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Alex Caruso made it clear throughout the buildup to 2021 free agency that he wanted to remain with the Los Angeles Lakers. The fit was obvious. He'd come up through their G League system to emerge as one of the better role players in basketball. He'd won a championship in purple and gold. Over several seasons, virtually every statistic suggested that he had great chemistry with LeBron James. He was, in essence, exactly the sort of supporting piece a team built around multiple superstars needed: an elite defender, a connecting passer and an improving shooter. 

Yet when free agency arrived, Caruso signed with the Chicago Bulls. He went on JJ Redick's "Old Man and the Three" podcast to explain his decision and revealed that the Lakers just didn't make him a compelling offer.

"So going into it I really didn't know what to expect, and I really didn't hear much from any team including the Lakers leading up to 6 p.m., and then they called and the Lakers made their offer, and it wasn't an offer I was gonna accept because I was gonna get considerably more money from another team," he revealed. "Like we just said, a guy who hasn't had a lot of decision-making power, fought for a job, essentially 30 teams told me they didn't think I was good enough to play in the NBA for two or three years. I need to get as much money, this is real life we're talking about. I need financial security for me, for my people."

This part of the story was almost obvious. If the Lakers had made Caruso a respectable offer, he'd likely still be in Los Angeles right now. But as he explained, after getting the offer he received from the Bulls, he went back to the Lakers to see if they'd match it. They wouldn't even come close. 

"I got on the phone with AK [Arturas Karnisovas] and with Billy [Donovan], and the way they were talking about how they wanted to play, how they saw me as a player, I thought they hit the nail on the head," Caruso said. "I thought everything they said, I was like 'I think that's accurate, I think that's what I bring to the table, I think that's how I can help this team win, I think that's the direction this team wants to go.' I thought there was a need for the stuff that I had. So essentially we got that offer, went back to L.A., asked if they could do the same, they said no, asked for something else that was a little bit less, they said no. I said OK, if that's what it comes to, I'm ready to go to Chicago and start the next chapter."

Now here's where things get especially frustrating for Lakers fans. Redick then offered a guess at what the Lakers initially offered Caruso and asked the Bulls guard to blink once if his guess was over what they were willing to pay and twice if it was under. That guess was two years and $15 million. Caruso blinked once and the two started laughing.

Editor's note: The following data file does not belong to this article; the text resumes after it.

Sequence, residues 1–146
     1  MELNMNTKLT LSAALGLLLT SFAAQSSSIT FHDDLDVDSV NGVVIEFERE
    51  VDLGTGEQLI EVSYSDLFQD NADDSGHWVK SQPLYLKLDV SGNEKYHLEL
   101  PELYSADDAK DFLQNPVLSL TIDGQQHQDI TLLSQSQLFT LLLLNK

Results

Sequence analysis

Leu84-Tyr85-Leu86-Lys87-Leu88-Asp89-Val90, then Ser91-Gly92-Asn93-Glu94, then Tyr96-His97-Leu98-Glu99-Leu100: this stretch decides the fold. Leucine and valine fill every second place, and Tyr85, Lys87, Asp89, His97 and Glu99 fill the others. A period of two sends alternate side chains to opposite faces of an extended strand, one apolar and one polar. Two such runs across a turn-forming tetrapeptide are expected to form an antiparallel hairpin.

While we don't know exactly how many years the Lakers were willing to guarantee, those figures fit with what has been previously reported. ESPN's Ramona Shelburne said after the fact that the Lakers were only willing to go as high as $7 million per year. A two-year, $15 million offer would have been for $7.5 million annually. The Bulls not only went above $9 million per year, but gave him a four-year pact with the first three years fully guaranteed. No matter how badly Caruso may have wanted to remain in Los Angeles, taking the offer Shelburne described would have been irresponsible. She added that he would have been willing to return on a three-year, $30 million deal, but the Lakers declined.

As Bleacher Report's Eric Pincus recently laid out, retaining Caruso at the price the Bulls paid him would have cost the Lakers $33 million in salary and taxes. There were cheaper ways to go about retaining him, though. Let's say, for instance, the Lakers had chosen to re-sign Caruso but eschew the taxpayer mid-level exception, which they gave to Kendrick Nunn. That would have cost them a more manageable $17 million more in salary and taxes. As pricey as that figure seems, the Lakers would still be paying their roster far less than rivals like Golden State and Brooklyn. 

But either figure was apparently too pricey for a Lakers team that earns an estimated $150 million per year in local television revenue alone. The Lakers ultimately decided that Caruso wasn't worth whatever price he was asking them for, and they're paying the price for that decision defensively. After ranking first on that end of the floor last season, the Lakers have fallen to 14th this year despite one of the easier opening schedules in basketball. Their full and healthy roster hasn't played yet this season, but it's hard to imagine any version of this team that Caruso couldn't have helped. The 7-3 Bulls, tied with the Miami Heat and Washington Wizards for the No. 1 seed in the Eastern Conference, would certainly agree. At this point, Caruso looks like a downright bargain.